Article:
Electromagnetic Radiation

Keep your friends close and your Smart Meter far, far away…..

One day in the not too distant future, we will all be able to control our Wifi enabled electrical appliances remotely via our smartphones.  Imagine driving home from a night out and being able to turn the heating on before you return. Or, if you’re like me, not having to deal with the nagging doubt that you may have left the electric stove top on.

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This will all be made possible by our smart meters, standing by to deliver us to a future of convenience! Sounds good? Hmmm, maybe not so good…

This is my Smart Meter Story.

The mandatory smart meter rollout began in Victoria in 2009.  Do you remember the day a smart meter was installed at your house? I wouldn’t even have a clue where I was living at the time! These meters just weren’t on my radar  – until as an expectant Mum, I moved in with six of them (actually there’s a mystery extra one there, that makes seven!).Meter Bank






When my son turned one and started walking and exploring, the best place for his new cubby was 1.5m from the meter cupboard.  At this point, I had little red flags waving in the back of my mind. I knew I needed to look into whether this close proximity to the meter cupboard was safe or not.

Cubby position








To begin my research, I downloaded the  Smart Meter Fact Sheet from the Government Agency ARPANSA (Australian Radiation Protection and Nuclear Safety Agency) which states;

The combination of the relatively low power of the smart meter transmitters, their location on the outside of buildings and the very short time spent transmitting means that the overall RF EME exposure from smart meters is very low and well below the limits of the ARPANSA RF Standard, even when a number of devices are communicating simultaneously.

This didn’t convince me of the safety of smart meters, but it did give me some peace of mind as I imagined RF microwave radiation would only be a problem for short periods of transmission.  My power provider emailed me the transmission times at my request which are shown at 8.05am, 12.05pm, 4.05pm, 8.05pm (and maybe some ad-hoc extras around these).  That’s not so bad, right? I can manage outdoor play around these times.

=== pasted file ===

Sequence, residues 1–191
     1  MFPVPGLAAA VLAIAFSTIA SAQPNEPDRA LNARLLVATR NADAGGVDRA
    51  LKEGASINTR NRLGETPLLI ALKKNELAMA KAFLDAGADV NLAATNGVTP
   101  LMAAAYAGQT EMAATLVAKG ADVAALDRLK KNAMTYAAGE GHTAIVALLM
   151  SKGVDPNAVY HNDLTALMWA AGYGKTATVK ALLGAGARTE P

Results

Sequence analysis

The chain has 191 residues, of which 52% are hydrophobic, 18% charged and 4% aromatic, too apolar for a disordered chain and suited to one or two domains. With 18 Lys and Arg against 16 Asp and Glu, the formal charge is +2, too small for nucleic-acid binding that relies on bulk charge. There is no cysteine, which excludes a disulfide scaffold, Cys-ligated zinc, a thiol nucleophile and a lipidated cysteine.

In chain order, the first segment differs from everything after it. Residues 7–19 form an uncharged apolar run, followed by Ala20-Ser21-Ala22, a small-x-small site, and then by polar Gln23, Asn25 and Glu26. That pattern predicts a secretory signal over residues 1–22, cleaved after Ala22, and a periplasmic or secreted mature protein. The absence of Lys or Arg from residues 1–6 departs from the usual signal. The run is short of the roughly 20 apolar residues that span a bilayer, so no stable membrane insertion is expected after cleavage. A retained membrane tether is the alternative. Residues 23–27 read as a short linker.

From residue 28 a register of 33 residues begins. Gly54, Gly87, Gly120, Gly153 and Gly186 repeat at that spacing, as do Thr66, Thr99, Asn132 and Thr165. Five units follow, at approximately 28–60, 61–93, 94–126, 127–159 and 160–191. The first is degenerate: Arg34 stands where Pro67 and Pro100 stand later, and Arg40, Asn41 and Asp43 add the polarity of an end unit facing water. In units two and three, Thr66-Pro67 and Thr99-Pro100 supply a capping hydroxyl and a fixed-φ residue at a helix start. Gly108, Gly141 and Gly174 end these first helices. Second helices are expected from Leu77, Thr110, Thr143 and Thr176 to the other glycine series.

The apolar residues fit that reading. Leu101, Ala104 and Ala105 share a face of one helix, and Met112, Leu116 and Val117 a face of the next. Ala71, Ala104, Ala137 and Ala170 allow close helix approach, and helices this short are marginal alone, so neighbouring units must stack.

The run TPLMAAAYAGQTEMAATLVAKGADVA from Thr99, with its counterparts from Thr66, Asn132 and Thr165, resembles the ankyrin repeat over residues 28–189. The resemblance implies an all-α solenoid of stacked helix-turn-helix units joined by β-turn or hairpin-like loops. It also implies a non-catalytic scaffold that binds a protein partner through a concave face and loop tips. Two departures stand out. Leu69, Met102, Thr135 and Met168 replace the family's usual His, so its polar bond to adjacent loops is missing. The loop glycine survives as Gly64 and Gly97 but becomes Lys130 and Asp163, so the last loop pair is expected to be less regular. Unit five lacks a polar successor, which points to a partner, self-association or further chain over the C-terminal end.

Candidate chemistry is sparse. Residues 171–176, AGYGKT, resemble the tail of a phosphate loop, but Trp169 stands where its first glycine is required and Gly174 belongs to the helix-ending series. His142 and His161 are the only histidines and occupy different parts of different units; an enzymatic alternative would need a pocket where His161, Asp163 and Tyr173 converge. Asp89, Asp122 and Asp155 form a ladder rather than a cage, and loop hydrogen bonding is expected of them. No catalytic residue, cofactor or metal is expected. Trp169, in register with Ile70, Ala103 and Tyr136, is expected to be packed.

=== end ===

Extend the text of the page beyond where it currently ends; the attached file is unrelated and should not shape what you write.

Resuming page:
I then rang EMR Australia to ask about hiring a meter so I could double check the information I have so far accurately reflects what is happening in my courtyard. From this conversation, I learn that I have three points for consideration;

  1. The microwave radiation from the meters pulsing out into my courtyard space (especially the cubby).
  2. The microwave radiation pulsing back into my bathroom which is directly on the other side of the wall,
  3. Other areas inside my home sharing a wall with the meters.

I hired The Acousticom 2. If you haven’t been introduced to this meter before, please check out my previous post where I explain the scale of measurement and the reasoning behind my target limit range of 0.05 – 0.1 V/m (volts per metre)

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I gathered data at different times of day over a week to see if there were any significant breaks in transmissions.  I found the readings to be consistently jumpy and peaking out the meter regardless of the time.  There is was no difference between say, 4pm and the transmission time of  4.05pm.  This video shows three affected areas outside scheduled transmission times. Press play on the video to watch.

My primary area of concern was the cubby which shows the reading dancing around and peaking at 1.0 V/m. Remember my target range is 0.05 – 0.1 V/m., this reading is 10 times my desired limit.  It was clear I needed a plan.

My Action Plan

  1. Move the cubby away from the meter cupboard.
  2. Start working on minimising RF levels in the areas my son spends time.

As the bathroom wall is tiled, it’s impossible for me to shield from radiation coming in this direction because  I can’t paint or fix anything onto the tiles.  In the case of my bathroom (my shower to be exact), there is nothing I can do other than to be thankful that I’m not sleeping in this space!

How about shielding in my courtyard?  Radiofrequency behaves like light and bounces off reflective surfaces, so I have to be careful with what I do here because I could make other areas inside my home worse.  Also, as I’m renting, I prefer that my solution is temporary and easily removable.

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I experimented with a few different materials to shield from the meters. The best results came from a silver wrap insulation which I wrapped around a playpen frame.

This video shows the comparative readings with and without the shielding in the courtyard.  Press play to watch.

This plan has reduced the amount of RF microwave radiation at the cubby and around the courtyard by 70%.  I’m quite happy with the reading at the cubby as it’s now in my target range of  0.1  – 0.5 V/m. My makeshift solution works!

A note of caution – Please don’t play around with trying to deflect RF microwaves at home without a meter to check what is happening. You could make matters worse in another part of your home.  When this shielding is in place, the RF levels increase in my shower! If you are looking into RF shielding, please consult a professional.